Mustached Monkeys' Feces Helped Regenerate Amazonian Rainforest Destroyed by Humans, Scientists Say

The feces of mustachioed monkeys helped regenerate parts of the Amazonian rainforest destroyed by humans, scientists believe.

An international team of scientists studied an area spanning around four hectares (47,000 square yards) in the Amazonian rainforest of north-eastern Peru, which was cleared to graze water buffaloes for almost a decade following 1990. Farmers left the land in 2000, and the rainforest gradually began to regrow.

Scientists based at the nearby Estación Biológica Quebrada Blanco (EBQB) research station noticed there were mustached and black-fronted tamarins in the new forest. As the primates eat fruit and pass out the seeds in their feces, the team out to understand whether monkeys helped the rainforest to regrow. Their findings were published in the journal Scientific Reports.

primate, black-fronted tamarin, monkey,
An image of a black-fronted tamarin (Leontocebus nigrifrons) captured by the researchers in the rainforest of Peru. German Primate Center, Germany

More and more parts of tropical forests are being demolished to make way for human activity, from the construction of hydroelectric dams and roads to farming, according to the researchers.

Sometimes these woody areas can't repopulate naturally. If they can, plant seeds must somehow be spread: and animals play an important part in this. First, animals such as bats and birds might defecate as they fly over an area, leaving behind seeds. As plants grow, they attract animals such as primates.

Over a period of 20 years, the researchers studied how these two species of monkey interacted with the repopulating pasture. As more plants emerged, the team found the monkeys used the deforested area increasingly, bringing with them seeds from the existing rainforest. They also studied the seedlings from the re-emerging forest and compared them to the plants in the existing forest. The team noted that different plants of the same species had varying heights, suggesting the seeds from which they emerged were brought to the area in different years.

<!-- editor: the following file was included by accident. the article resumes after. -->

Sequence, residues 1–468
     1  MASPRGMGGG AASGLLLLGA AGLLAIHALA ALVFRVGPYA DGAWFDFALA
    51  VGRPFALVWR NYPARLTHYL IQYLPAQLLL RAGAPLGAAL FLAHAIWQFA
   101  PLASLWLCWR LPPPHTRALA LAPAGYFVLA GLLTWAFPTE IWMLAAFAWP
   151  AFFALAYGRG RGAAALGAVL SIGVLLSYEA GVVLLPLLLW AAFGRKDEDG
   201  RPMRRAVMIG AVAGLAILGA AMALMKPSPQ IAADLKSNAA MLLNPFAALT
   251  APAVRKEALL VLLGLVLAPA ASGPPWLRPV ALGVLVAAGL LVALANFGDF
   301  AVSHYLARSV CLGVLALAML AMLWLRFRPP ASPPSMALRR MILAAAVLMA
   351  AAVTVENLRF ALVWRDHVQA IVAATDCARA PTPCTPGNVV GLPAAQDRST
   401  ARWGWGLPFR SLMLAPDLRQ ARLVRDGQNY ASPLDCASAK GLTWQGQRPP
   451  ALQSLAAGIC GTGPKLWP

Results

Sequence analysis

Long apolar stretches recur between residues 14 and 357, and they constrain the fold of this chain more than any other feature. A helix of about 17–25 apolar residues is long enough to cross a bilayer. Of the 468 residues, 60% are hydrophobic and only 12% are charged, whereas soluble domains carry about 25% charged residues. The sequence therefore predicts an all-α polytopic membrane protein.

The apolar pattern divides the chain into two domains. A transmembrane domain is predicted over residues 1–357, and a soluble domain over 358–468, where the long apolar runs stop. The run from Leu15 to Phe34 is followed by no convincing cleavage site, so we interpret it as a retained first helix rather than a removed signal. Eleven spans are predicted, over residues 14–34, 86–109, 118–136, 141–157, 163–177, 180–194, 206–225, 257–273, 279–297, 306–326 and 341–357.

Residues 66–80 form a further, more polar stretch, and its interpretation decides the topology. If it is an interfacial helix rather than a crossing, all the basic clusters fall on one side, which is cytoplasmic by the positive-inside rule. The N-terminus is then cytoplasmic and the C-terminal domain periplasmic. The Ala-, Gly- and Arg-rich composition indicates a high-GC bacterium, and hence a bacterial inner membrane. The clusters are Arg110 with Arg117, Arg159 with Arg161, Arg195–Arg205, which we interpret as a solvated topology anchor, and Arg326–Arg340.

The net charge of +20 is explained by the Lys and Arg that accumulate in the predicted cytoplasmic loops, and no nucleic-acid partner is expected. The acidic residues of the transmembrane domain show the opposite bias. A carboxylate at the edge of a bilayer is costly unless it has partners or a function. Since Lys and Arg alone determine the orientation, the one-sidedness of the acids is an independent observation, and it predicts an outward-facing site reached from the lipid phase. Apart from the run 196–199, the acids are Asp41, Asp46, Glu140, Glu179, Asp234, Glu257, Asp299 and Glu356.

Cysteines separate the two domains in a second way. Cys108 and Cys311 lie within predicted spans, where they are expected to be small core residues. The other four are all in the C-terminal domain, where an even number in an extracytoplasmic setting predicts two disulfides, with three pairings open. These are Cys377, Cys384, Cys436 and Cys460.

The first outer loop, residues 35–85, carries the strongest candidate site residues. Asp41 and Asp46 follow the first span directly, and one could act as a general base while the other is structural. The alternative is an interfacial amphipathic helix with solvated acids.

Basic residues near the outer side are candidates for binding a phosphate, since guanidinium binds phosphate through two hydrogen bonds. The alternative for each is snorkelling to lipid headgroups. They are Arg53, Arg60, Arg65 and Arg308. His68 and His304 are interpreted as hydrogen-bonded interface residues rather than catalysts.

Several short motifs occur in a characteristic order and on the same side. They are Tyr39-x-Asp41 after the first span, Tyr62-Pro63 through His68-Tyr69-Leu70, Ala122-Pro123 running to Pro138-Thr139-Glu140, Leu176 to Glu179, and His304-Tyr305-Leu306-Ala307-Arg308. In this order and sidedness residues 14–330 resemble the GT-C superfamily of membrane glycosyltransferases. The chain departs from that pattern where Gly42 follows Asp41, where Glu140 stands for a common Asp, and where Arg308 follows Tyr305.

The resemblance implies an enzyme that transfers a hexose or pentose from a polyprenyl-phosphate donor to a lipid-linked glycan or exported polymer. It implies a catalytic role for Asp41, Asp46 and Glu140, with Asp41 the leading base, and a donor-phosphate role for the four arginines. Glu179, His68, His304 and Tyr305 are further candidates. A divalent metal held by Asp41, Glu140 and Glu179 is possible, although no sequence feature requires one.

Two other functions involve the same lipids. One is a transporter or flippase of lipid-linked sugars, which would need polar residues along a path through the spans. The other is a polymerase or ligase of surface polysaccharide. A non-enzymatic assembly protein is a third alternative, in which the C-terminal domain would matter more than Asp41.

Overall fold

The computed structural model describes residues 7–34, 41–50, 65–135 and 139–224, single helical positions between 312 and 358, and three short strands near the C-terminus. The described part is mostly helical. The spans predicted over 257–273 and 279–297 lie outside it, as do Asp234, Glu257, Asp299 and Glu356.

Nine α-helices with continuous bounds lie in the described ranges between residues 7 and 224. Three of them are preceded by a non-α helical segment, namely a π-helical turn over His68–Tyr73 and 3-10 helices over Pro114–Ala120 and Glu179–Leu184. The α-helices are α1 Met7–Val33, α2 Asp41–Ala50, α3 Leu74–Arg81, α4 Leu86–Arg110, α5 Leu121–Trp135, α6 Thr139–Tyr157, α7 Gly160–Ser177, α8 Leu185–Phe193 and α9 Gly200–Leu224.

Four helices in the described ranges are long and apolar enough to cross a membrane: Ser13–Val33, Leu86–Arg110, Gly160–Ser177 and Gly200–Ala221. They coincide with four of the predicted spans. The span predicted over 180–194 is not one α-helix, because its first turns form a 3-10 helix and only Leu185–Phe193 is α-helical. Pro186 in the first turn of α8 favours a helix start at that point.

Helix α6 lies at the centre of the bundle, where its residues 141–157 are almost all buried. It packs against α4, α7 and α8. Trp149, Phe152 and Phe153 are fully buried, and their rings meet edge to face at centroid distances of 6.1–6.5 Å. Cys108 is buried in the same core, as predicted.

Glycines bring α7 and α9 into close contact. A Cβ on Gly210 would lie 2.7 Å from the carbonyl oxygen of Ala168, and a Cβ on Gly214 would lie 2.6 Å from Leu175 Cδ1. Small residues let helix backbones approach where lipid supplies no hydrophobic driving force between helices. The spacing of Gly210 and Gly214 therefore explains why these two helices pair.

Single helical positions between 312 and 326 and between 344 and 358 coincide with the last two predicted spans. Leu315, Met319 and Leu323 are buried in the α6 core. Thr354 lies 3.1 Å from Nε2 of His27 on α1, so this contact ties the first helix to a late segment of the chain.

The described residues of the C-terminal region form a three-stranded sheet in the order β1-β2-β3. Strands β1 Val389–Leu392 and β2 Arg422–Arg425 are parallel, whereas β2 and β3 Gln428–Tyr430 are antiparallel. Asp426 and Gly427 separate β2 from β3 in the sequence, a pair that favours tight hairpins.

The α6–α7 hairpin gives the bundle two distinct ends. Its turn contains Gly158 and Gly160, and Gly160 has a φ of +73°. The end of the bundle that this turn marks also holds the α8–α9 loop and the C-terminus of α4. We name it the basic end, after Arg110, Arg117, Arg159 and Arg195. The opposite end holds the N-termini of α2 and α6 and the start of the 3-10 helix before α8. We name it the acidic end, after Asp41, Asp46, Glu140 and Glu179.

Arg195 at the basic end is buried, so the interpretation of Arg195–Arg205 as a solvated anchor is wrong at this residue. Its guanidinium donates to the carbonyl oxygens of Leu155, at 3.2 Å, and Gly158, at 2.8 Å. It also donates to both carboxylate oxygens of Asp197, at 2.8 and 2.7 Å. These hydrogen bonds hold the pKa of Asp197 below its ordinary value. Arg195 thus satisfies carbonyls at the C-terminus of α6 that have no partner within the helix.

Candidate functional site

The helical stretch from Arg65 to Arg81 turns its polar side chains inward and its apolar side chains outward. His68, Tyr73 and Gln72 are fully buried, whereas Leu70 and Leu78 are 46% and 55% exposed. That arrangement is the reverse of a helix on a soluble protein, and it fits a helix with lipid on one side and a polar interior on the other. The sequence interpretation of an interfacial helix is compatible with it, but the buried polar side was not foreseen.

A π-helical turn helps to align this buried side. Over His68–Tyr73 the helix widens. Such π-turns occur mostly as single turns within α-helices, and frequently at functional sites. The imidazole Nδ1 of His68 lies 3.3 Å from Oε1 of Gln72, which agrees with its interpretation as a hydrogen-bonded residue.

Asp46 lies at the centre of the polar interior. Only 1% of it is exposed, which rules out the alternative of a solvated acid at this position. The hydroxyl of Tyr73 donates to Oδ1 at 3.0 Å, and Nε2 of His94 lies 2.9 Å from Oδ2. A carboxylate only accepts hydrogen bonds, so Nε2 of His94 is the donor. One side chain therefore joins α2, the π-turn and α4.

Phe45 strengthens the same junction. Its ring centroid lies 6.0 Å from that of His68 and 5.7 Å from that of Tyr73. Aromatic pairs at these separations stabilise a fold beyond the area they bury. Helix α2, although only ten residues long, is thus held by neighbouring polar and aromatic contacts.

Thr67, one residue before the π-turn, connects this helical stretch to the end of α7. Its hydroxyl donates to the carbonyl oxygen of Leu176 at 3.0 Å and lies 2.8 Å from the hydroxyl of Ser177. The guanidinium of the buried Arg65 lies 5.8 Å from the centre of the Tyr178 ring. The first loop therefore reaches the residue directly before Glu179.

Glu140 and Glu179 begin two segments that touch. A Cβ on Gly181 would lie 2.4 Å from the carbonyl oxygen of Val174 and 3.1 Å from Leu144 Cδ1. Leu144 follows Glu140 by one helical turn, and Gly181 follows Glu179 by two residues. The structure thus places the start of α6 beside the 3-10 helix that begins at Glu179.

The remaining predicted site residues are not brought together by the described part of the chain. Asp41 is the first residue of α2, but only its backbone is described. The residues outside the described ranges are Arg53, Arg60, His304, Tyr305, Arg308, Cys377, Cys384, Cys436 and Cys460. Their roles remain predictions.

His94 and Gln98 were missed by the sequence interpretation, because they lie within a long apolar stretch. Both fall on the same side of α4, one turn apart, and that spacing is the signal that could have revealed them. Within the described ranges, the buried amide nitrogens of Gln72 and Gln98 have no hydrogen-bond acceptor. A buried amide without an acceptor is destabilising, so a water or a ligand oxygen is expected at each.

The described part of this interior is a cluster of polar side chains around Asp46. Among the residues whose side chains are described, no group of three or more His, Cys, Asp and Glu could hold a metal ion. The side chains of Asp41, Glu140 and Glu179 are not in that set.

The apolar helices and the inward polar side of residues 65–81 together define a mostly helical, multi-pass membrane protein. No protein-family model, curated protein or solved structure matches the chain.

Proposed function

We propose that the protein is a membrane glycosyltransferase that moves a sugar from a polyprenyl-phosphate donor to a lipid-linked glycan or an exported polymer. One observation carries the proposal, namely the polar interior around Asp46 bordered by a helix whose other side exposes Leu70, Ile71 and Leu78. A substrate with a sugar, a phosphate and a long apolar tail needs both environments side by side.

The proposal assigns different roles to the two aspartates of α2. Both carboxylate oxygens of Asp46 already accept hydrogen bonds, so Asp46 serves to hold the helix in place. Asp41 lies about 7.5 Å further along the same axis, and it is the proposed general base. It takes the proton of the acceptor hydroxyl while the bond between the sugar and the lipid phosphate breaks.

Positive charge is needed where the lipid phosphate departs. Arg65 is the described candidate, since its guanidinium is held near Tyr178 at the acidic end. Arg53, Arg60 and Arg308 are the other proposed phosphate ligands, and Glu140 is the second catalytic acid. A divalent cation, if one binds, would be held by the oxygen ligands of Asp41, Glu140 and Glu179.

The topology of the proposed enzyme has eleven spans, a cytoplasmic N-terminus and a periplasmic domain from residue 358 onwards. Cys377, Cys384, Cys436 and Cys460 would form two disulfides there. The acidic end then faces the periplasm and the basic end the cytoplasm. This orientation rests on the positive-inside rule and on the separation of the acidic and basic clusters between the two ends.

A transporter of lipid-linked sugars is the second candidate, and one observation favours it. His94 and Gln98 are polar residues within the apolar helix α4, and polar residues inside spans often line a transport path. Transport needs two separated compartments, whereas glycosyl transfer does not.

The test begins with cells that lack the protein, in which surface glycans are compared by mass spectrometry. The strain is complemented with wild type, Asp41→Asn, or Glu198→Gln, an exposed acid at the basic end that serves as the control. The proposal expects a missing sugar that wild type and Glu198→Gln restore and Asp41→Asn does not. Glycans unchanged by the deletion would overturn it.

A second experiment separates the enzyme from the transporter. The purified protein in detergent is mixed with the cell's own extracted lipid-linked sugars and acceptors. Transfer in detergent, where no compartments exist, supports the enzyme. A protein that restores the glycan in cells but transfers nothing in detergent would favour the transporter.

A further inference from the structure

Eckhard W. Heymann, scientist at the German Primate Center and head of the study, commented in a statement: "Our data show for the first time that the mustached and black-fronted tamarins effectively disperse seeds from the primary forest into secondary forest."

"We were able to prove that the seeds germinate and form young plants, thus increasing the diversity of species in the secondary forest. The tamarins have been shown to contribute to the natural regeneration of areas destroyed by humans."

"We did not expect the cleared forest area to ever recover," said Heymann.

"However, the study shows how important data collection and investigations over a very long period of time are in order to be able to make reliable statements about slowly developing ecological processes," he said.

T. Mitchell Aide of the University of Puerto Rico, who has studied deforestation but did not work on this paper, told Newsweek it highlights the importance of long-term monitoring in forests. "If the researchers had not been returning to the same site for more than 20 years these dynamics would not have been documented."

He continued: "Young secondary forests can provide habitat for many forest species, but only if they persist. The authors show that there are food resources for the monkeys in these young forests, but even after 20 years of recovery they still do not have the structure for the monkeys to use for sleeping.

"Twenty years is a long time, but to provide the structure and species composition that the fauna needs, these forests have to persist for much longer: more than 40 to 50 years, and hopefully longer."

This article has been updated with comment from T. Mitchell Aide.